A political bloc representing Iranian-backed militias has rejected preliminary results in Iraq’s parliamentary elections after it lost more than half of its seats in a result that underlined Iraqis’ frustration with armed factions that have stoked fear and instability across the country.
The overall winner of the election was Moqtada al Sadr, a populist cleric whose core constituency of working class Shia supporters voted while the majority of Iraqis stayed at home.
His Sairoon party, which benefited from a record low turnout of 41 per cent, expanded its share of parliamentary seats from 54 to 73, giving it the biggest bloc of lawmakers in the 329-seat parliament.
The Fatah Alliance, which represents pro-Iran militia groups that have attacked US troops and assets in Iraq and have been accused of using violence against protesters, has secured just 20 seats, down from 48 seats previously, according to data compiled by the Clingendael Institute, a think-tank. Official results are not expected for weeks.
“We will not accept these fabricated results, whatever the cost,” Hadi al-Ameri, an influential militia commander and the leader of Fatah’s coalition told a pro-militia news outlet. In a statement, Fatah said it would appeal against the election results.
The elections, the fifth since the US-led invasion of 2003, had been brought forward six months in response to protesters’ demands for sweeping political change to a state riddled with corruption. Hundreds of demonstrators were killed and intimidated by security forces and militia groups during the October 2019 demonstrations, followed by kidnappings and assassinations of activists. Many nascent political parties, complaining of intimidation, boycotted the election.
Sadr, who portrays himself as an Iraqi nationalist and was once dubbed by American media as the “most dangerous man in Iraq” because his militants led the Shia resistance to the US-led occupation, has pledged to rid Iraq of foreign influence, including Tehran’s.
Some western policymakers had hoped he would serve as a counterweight to a pro-Iranian groups such as Fatah, analysts said. In his victory speech, Sadr, who still commands his own militia, said weapons should be banned “even for those [militias] who claim to be resistance” — a nod to the more militant pro-Iranian factions that have targeted American troops.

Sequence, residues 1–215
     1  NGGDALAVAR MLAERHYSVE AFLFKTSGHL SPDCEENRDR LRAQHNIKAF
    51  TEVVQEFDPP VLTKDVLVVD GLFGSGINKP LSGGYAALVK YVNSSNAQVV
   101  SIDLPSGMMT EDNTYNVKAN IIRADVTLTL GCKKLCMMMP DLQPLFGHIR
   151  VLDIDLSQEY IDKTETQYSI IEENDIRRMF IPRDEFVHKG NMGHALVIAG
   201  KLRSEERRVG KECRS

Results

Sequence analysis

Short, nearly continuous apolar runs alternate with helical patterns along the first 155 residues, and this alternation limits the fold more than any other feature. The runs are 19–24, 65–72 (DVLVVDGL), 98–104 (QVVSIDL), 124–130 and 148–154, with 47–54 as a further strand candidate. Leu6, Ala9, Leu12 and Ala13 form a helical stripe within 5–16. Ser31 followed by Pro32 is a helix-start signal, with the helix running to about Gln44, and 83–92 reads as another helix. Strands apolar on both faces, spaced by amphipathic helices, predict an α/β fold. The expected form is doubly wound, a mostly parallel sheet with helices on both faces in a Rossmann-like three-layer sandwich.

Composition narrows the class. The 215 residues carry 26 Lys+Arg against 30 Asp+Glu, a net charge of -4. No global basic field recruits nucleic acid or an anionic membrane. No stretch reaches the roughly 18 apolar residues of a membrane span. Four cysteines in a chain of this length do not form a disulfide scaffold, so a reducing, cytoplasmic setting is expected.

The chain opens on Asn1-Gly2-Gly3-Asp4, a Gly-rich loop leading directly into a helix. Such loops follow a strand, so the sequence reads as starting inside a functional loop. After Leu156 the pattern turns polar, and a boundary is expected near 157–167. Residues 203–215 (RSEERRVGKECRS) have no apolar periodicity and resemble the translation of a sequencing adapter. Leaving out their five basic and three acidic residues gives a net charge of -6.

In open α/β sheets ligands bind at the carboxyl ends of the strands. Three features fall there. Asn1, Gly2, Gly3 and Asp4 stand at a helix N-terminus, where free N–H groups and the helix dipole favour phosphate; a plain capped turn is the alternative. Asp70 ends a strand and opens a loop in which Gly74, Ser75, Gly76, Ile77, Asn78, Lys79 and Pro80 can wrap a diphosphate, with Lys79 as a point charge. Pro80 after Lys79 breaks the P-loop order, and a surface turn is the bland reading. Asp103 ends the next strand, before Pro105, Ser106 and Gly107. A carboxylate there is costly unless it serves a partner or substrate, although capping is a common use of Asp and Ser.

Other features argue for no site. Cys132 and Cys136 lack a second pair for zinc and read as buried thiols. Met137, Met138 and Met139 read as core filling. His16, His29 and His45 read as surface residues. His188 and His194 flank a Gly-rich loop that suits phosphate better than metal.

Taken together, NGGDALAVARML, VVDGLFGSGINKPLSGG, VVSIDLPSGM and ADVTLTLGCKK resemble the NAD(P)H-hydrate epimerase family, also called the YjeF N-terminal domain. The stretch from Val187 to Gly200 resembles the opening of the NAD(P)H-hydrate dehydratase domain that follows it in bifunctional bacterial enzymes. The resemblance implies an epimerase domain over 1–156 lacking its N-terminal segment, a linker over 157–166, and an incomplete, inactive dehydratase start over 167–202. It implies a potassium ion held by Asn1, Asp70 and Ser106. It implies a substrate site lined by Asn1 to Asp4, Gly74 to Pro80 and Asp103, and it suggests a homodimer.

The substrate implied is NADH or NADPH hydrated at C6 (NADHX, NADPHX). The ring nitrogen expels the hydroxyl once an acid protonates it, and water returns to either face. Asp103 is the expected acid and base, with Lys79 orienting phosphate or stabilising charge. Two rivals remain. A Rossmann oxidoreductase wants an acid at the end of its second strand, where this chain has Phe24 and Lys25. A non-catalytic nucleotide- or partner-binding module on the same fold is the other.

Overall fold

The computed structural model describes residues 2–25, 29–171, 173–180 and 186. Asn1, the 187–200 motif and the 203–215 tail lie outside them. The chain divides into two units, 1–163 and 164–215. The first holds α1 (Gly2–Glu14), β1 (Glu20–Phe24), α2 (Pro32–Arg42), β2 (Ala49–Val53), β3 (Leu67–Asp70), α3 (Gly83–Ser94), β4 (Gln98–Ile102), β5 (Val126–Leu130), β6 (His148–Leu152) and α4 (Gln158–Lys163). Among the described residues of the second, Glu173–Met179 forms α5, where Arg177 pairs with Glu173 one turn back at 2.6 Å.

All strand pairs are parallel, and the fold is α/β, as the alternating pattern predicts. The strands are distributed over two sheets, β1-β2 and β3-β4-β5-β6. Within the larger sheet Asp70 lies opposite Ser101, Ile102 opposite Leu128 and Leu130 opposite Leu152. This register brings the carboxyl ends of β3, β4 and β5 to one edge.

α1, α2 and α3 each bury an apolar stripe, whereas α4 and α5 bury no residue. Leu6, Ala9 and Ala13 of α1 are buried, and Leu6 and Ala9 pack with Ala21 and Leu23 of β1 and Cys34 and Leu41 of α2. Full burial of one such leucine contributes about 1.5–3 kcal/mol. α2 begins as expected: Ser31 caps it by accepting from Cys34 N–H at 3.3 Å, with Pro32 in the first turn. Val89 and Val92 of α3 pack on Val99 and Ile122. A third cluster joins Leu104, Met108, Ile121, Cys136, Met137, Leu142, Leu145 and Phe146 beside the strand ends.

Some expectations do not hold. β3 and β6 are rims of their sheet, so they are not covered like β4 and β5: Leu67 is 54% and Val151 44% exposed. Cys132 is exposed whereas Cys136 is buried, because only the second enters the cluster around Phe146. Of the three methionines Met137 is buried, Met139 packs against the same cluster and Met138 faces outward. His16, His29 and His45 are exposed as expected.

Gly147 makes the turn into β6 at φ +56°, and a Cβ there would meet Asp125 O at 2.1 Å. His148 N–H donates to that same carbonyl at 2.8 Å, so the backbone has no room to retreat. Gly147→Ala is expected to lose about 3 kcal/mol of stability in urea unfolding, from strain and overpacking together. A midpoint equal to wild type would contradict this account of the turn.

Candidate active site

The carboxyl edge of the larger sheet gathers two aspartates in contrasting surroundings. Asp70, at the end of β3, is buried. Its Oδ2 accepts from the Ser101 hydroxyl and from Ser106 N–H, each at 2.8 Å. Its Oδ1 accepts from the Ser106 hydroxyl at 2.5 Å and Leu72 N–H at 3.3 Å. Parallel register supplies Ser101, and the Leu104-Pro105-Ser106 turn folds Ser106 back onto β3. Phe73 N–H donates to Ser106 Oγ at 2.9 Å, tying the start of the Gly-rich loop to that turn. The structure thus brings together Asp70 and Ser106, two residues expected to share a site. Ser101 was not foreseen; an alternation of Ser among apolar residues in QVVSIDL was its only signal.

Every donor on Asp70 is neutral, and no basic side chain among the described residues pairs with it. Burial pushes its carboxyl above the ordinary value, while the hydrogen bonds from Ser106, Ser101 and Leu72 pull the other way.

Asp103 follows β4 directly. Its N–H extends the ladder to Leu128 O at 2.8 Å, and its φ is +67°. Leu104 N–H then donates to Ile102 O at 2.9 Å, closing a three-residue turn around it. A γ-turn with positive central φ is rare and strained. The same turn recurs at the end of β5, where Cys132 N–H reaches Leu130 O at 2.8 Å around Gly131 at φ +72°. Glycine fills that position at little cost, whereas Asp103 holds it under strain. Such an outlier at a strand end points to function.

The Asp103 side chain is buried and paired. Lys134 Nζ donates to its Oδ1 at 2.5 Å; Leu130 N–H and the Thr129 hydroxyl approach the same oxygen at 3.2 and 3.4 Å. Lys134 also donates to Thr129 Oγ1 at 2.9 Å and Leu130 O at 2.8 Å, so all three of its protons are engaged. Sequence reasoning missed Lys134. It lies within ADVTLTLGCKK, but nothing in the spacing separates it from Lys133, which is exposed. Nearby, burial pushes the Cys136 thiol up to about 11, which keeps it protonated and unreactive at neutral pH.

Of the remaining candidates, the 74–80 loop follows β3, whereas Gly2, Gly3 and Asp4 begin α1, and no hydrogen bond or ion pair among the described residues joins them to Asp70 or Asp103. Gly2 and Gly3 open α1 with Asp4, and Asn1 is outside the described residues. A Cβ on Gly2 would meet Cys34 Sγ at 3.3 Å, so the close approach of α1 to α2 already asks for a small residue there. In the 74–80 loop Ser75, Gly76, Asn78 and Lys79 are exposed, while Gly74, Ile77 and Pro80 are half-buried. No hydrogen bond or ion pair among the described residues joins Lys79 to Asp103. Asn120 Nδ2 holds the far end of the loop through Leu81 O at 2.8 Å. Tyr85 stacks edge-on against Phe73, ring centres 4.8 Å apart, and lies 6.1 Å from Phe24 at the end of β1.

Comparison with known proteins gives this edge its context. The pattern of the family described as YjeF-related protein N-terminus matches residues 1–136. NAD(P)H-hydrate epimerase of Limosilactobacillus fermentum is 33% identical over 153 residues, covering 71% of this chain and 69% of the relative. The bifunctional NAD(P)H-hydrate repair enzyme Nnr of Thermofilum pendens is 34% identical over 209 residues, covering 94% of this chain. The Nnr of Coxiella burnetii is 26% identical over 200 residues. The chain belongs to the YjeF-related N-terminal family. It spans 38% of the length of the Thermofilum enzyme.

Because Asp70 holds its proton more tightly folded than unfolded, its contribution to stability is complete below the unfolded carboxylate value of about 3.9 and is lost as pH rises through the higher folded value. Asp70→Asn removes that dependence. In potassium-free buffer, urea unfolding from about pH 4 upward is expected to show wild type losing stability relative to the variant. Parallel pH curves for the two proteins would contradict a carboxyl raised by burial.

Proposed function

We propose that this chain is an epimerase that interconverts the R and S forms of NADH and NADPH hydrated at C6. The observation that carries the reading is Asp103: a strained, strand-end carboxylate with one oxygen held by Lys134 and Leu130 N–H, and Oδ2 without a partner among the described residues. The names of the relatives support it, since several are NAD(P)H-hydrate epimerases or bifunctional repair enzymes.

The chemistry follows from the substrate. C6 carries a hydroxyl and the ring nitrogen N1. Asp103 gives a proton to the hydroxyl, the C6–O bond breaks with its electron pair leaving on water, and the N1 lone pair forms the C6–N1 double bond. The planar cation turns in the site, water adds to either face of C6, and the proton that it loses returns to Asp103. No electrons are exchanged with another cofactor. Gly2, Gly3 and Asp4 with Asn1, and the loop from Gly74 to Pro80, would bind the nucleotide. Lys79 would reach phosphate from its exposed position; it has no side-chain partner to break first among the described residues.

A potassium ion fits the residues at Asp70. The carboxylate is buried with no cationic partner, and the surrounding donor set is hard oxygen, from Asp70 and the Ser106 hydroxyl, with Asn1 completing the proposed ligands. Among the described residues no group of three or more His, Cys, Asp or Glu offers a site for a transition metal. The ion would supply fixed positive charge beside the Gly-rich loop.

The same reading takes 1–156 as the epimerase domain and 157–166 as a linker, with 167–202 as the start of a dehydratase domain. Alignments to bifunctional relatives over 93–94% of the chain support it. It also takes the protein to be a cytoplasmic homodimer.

But despite the lack of support at the ballot box, the threat of violence from powerful pro Iranian militias will make it difficult to reduce their influence. “The fact that these factions have now a marginal role in parliament is not necessarily good news and could lay the ground for them to return to violence,” said Maria Fantappie, MENA special adviser with the Centre for Humanitarian Dialogue.
Attacks on US assets by Iran-linked militias have declined as tensions de-escalated between Iran and the new Biden administration. But Fantappie said this relative peace could be at risk: “It will very much depend on the type of majority that will be formed after the elections and whether a compromise could be reached to persuade some of these groups to refrain from a return to violence and accept the elections’ result.”
The Iraqi system is designed to ensure some representation for all the country’s ethnicities and sects, but no single group can secure a majority, meaning elections are followed by lengthy negotiations before rival factions agree on a new prime minister and cabinet.
Current premier Mustafa al-Kadhimi is hoping for a second term and since taking office has relied on the Sadrist bloc for support.
Fanar Haddad, a former adviser to the premier, said Kadhimi “will take comfort from the Sadrist win.” Kadhimi could yet face competition from pro-Iran ex-prime minister Nuri al-Maliki, whose bloc secured 37 seats, complicating Kadhimi’s chances of returning to power.
“It’s not so straightforward,” said Haddad. “Maliki has secured quite a substantial vote, Fatah are not going to be excluded and they may stipulate that they are against a second Kadhimi term.”
Maliki is an old ally of an array of Iran-linked Shia Islamist militias, who were brought under the Iraqi state’s security wing after they fought Isis and were hailed as heroes.
But in the years since then militants, some of whom belonged to the Hashd al-Shaabi or Popular Mobilisation Forces, have “been preying on people, they’ve been affiliated with harming activists,” said Marsin Alshamary, a research fellow at the Harvard Kennedy School. “And public opinion has turned against them.”
Despite the public backlash, militias’ sheer military might makes them more dangerous outside of government, analysts said.
“It is a big risk if we leave out Fatah and the PMF-aligned groups,” said Sajad Jiyad, Baghdad-based fellow at The Century Foundation. “I think they will end up being part of government formation because the risk is too great of leaving them out.”